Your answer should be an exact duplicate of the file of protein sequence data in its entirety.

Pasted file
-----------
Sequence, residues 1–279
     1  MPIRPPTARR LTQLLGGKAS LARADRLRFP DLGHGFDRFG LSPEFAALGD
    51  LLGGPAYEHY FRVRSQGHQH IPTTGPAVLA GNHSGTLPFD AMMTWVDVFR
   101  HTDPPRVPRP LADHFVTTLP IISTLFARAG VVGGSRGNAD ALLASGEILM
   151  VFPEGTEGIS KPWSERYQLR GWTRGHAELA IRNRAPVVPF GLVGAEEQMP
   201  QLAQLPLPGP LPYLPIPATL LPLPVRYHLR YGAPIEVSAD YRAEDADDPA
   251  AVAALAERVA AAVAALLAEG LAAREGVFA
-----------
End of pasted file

Sequence, residues 1–279
     1  MPIRPPTARR LTQLLGGKAS LARADRLRFP DLGHGFDRFG LSPEFAALGD
    51  LLGGPAYEHY FRVRSQGHQH IPTTGPAVLA GNHSGTLPFD AMMTWVDVFR
   101  HTDPPRVPRP LADHFVTTLP IISTLFARAG VVGGSRGNAD ALLASGEILM
   151  VFPEGTEGIS KPWSERYQLR GWTRGHAELA IRNRAPVVPF GLVGAEEQMP
   201  QLAQLPLPGP LPYLPIPATL LPLPVRYHLR YGAPIEVSAD YRAEDADDPA
   251  AVAALAERVA AAVAALLAEG LAAREGVFA